Eco Feminism K

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WSDI 2014 EcoFem K

Eco Feminism K


1NC – Ecofeminism

The affirmative’s push for patriarchal scientific development causes ecological and nuclear destruction. The patriarchy that underpins the aff is the root cause of genocide, nuclear conflict, war, poverty, ecological destruction and all violence

Jytte Nhanenge – Master of the Arts at the University of South Africa, 2011,“Ecofeminism – Towards Integrating the Concerns of Women, Poor People, and Nature into Development.”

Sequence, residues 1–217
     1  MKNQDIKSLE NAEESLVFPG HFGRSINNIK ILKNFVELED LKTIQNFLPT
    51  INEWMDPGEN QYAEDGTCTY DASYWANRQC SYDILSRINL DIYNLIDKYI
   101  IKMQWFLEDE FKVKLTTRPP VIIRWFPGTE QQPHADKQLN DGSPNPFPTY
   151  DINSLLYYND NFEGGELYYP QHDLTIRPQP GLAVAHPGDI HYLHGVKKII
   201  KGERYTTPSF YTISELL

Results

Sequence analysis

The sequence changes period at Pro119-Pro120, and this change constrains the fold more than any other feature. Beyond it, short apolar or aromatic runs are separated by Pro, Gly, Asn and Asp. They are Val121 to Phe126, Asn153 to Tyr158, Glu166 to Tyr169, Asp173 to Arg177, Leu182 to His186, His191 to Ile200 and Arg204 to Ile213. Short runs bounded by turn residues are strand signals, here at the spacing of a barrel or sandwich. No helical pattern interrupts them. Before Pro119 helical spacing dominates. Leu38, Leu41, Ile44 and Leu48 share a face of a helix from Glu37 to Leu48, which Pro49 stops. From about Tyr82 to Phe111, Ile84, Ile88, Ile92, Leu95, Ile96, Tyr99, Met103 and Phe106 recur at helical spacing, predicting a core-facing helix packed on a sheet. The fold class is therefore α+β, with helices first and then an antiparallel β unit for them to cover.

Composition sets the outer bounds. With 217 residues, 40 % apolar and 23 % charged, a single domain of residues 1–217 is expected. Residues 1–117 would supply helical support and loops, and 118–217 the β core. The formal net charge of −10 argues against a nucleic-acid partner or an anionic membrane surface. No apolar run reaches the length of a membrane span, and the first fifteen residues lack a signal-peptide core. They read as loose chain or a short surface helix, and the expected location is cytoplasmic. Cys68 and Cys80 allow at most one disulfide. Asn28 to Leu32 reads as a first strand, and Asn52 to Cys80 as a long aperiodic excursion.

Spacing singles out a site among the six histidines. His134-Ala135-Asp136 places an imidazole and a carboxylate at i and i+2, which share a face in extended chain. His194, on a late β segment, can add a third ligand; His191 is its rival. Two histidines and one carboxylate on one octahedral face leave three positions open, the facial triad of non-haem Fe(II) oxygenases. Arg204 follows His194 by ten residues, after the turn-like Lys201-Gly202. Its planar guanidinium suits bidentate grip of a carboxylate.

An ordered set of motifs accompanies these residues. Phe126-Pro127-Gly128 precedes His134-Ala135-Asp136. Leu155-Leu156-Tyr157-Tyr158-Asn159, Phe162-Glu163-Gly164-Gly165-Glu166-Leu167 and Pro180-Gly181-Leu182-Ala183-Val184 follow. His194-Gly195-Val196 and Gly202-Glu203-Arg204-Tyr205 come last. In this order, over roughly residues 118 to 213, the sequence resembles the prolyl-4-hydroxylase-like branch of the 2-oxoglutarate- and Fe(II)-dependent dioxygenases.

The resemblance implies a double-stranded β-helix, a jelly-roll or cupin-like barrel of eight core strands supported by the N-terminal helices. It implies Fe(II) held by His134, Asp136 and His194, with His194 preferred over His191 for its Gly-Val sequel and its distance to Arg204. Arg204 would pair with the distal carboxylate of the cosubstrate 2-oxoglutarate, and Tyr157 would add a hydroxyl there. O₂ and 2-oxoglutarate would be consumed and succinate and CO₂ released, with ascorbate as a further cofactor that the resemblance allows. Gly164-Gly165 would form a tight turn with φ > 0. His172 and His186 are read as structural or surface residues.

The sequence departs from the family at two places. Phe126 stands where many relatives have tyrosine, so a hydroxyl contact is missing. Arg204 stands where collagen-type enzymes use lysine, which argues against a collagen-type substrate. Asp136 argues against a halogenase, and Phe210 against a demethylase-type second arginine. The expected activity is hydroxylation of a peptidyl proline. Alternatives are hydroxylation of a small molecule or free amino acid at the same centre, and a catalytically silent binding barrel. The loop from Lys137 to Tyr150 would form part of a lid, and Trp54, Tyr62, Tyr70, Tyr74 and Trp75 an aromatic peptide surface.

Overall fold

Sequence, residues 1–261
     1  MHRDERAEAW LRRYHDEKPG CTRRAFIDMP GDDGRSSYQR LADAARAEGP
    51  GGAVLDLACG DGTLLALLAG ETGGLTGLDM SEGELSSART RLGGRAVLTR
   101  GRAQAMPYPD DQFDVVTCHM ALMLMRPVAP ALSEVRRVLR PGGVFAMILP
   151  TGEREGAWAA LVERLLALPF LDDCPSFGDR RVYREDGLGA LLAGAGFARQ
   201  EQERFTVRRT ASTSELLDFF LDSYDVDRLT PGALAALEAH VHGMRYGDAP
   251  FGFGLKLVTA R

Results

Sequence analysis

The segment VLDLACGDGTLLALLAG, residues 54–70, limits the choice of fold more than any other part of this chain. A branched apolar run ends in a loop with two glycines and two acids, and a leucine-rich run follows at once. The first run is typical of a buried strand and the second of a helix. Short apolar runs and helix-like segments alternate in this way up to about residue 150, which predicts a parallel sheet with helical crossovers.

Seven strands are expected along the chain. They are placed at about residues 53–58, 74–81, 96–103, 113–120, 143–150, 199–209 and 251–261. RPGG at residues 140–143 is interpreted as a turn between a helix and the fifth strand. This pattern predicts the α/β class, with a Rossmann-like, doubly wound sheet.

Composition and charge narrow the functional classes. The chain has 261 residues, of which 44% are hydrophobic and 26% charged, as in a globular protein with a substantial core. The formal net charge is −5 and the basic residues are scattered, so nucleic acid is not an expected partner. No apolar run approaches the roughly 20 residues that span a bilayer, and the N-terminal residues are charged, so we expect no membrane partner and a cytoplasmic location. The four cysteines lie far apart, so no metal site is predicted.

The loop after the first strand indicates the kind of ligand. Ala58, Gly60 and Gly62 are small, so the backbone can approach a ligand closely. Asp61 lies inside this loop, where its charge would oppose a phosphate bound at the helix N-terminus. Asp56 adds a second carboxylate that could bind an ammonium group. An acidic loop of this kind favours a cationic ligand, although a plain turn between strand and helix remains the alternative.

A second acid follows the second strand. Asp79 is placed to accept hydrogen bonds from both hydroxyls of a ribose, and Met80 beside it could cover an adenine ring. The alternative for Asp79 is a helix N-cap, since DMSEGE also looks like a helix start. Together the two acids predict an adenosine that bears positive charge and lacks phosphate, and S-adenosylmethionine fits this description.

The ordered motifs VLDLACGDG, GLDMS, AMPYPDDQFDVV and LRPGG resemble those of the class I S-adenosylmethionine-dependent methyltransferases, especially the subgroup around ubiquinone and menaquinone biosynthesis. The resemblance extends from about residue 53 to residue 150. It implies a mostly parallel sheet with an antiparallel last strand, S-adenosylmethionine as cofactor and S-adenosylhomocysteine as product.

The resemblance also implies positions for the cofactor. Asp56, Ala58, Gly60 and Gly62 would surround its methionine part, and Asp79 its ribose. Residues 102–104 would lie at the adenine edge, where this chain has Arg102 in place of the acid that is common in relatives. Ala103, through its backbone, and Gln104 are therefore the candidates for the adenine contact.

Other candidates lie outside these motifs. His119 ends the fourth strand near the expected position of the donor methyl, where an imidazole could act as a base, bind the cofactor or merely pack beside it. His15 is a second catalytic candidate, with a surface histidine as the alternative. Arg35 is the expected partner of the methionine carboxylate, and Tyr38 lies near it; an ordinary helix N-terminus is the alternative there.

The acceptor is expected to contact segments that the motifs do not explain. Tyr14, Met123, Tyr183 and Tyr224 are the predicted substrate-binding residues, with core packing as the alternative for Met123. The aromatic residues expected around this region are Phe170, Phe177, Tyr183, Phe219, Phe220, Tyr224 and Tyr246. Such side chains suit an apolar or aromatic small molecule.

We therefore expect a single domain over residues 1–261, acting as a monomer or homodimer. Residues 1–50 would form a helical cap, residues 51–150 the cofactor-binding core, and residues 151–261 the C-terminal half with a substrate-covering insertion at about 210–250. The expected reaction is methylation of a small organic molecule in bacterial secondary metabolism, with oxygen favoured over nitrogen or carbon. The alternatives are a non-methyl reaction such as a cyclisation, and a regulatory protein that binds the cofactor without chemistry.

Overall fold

More, further, quicker, richer, and there is no alternative” are the watch-words in modern hi-tech society, according to Schumacher. It is a forward stampede: if there is crime, the solution is more police, better equipped. If there are environmental problems, the prescription is faster economic growth to pay for anti-pollution techniques. If there is lack of natural resources, we turn to synthetics. If fossil fuels run out, we change to nuclear energy. There is no problem technology cannot solve. However, for Schumacher there is one problem and that is the underlying values: technology is destined to control and conquer the world. Scientific and technological solutions that poison nature, degrade social structures, and generate war, are inherently violent. They make the rich richer, while they create poverty, and destroy life. Bigger technology means bigger concentration of economic power, which exerts greater violence against society and nature. (Schumacher 1993.) Technology can dominate or enhance societies. Hence, science and technology could have developed in a different direction. However, due to patriarchal values, which infiltrated science, the technology it develops dominates, oppresses, exploits, and kills. One reason is that patriarchal societies identify masculinity with conquest. Thus, any technical innovation will continue to be a tool for more effective oppression and exploitation. Hence, modern society seems to prioritize technology that destroys life. That is because masculine institutions and patriarchal ideologies dominate modern societies. Their technologies prevailed in Auschwitz, Dresden, Hiroshima, Nagasaki, Vietnam, Iran, Iraq, Afghanistan, and in many other parts of the world. Patriarchal power has brought us acid rain, global warming, polluted waters, dictatorships, military states, poverty, and countless cases of human suffering. We have seen men whose power has caused them to lose all sense of reality, decency, and imagination, and we must fear such power. The ultimate result of unchecked patriarchy will be ecological catastrophe and a nuclear holocaust. Such actions are denial of wisdom. It is working against natural harmony, destroying the basis of existence. Thus, as long as people leave questions of technology to the “experts” the forward stampede will continue.